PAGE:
Pentagon building migrant camps; Mattis to China; USCG funds to ICE?; NATO forces, stuck in traffic; and just a bit more...

The U.S. military is building “camps” to detain as many as 20,000 immigrants. Sunday evening we learned Defense Secretary Jim Mattis has asked his department "to build temporary camps on two of our bases" to house migrants attempting to enter the U.S., he told reporters as he left the country last night.

He has not said yet which bases are under review, telling those traveling with him en route to Alaska, "We are in a logistics support response mode," ABC News’ Elizabeth McLaughlin reported. A bit more on that below. But first...

Here’s where Mattis is headed this week: China (Monday through Thursday), then to South Korea and Japan (Thursday and Friday).

While in the region, he may find a longer dialogue with counterparts than he’s reportedly had with the president in the last few months, if a new report on Pentagon-White House dynamics is true. According to NBC News, Mattis appears to have been left out of the White House's "inner decision-making circle." The result has found him “caught off guard” by three recent and big announcements from the White House, and with enormous impact on U.S. national security:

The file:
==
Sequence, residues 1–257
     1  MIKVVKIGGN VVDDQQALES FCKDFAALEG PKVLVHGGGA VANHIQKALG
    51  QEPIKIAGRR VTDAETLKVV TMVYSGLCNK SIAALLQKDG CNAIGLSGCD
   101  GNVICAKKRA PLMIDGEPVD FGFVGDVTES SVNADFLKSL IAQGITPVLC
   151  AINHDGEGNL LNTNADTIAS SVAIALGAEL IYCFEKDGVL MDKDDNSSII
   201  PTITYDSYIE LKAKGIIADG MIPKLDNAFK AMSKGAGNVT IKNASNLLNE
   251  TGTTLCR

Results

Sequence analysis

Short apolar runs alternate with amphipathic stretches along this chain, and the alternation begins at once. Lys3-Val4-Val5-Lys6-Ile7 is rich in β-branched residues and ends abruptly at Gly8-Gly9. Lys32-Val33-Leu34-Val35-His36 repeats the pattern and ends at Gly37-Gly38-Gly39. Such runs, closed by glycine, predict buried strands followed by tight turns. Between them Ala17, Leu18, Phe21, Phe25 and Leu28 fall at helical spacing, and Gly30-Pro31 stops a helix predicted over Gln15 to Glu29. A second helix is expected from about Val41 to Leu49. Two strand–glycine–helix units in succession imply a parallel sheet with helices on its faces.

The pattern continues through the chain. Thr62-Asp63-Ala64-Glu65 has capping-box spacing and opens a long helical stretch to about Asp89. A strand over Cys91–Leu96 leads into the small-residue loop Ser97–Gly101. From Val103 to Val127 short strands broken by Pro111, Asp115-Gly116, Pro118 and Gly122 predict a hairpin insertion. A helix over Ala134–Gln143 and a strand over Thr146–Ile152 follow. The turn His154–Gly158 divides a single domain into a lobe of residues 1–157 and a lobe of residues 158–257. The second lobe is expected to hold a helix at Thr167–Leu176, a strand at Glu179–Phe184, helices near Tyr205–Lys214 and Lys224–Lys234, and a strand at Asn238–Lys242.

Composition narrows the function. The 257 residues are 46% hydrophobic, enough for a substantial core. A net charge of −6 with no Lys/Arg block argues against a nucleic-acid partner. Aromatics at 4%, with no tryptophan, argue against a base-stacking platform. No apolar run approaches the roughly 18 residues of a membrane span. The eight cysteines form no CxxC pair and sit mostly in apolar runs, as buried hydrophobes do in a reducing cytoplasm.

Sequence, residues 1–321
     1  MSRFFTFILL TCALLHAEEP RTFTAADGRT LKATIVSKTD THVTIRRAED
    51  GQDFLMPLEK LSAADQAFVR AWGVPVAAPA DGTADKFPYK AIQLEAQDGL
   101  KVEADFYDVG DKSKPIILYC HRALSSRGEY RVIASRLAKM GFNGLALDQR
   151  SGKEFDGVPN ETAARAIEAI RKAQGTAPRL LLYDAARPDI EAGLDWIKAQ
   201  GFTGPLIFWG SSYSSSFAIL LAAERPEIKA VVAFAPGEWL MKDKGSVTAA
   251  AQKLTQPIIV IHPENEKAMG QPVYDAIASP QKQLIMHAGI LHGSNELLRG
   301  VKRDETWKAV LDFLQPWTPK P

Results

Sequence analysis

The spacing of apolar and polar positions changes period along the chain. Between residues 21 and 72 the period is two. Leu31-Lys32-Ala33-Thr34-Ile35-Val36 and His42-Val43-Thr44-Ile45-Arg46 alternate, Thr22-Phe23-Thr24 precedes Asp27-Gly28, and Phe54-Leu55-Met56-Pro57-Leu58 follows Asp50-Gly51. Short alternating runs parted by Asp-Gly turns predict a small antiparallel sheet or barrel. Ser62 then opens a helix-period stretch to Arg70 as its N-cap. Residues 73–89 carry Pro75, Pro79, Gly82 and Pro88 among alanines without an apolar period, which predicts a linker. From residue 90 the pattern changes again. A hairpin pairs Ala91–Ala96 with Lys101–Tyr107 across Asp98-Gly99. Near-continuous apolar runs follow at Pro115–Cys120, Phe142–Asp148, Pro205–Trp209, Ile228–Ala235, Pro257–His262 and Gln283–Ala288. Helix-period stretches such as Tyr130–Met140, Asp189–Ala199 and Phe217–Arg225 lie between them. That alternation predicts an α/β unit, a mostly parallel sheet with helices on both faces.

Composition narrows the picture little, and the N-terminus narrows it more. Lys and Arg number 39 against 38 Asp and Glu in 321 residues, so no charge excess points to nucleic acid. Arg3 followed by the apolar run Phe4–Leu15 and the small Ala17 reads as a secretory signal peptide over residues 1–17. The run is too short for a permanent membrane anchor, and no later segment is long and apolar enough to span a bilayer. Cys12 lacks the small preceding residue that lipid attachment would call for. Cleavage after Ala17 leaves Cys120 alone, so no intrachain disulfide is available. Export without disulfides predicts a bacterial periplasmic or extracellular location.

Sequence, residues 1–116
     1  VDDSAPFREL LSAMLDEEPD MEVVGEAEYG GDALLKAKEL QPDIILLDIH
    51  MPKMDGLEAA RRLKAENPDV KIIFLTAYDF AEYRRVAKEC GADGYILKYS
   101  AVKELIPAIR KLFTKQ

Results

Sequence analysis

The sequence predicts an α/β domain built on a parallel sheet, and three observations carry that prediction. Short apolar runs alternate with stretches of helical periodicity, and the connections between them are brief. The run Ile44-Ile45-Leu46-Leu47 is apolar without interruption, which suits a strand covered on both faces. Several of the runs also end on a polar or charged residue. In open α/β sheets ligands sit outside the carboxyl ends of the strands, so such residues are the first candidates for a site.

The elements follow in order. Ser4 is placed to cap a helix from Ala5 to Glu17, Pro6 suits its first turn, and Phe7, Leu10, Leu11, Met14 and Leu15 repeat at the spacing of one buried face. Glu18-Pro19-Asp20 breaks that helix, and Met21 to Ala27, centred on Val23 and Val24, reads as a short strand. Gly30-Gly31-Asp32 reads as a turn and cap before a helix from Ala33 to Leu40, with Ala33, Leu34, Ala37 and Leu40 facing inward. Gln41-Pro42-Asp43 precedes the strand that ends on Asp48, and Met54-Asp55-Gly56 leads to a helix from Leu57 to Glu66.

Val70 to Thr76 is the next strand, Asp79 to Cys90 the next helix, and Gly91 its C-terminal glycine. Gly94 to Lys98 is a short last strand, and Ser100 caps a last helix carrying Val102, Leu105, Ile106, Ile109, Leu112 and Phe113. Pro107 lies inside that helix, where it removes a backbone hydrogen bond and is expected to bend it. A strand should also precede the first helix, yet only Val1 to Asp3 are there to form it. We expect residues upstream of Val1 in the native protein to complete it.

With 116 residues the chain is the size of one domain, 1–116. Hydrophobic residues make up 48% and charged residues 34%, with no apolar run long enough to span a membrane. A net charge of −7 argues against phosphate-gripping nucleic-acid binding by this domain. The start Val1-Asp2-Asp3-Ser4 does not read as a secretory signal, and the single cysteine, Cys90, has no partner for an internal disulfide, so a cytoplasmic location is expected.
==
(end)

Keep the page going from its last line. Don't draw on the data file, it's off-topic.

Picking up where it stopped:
• Exiting the Iran deal;
  • Trump’s ordered “pause in U.S. military exercises with South Korea” (more on that below);
  • And last week’s order for the military to create a whole new branch of service called the Space Force.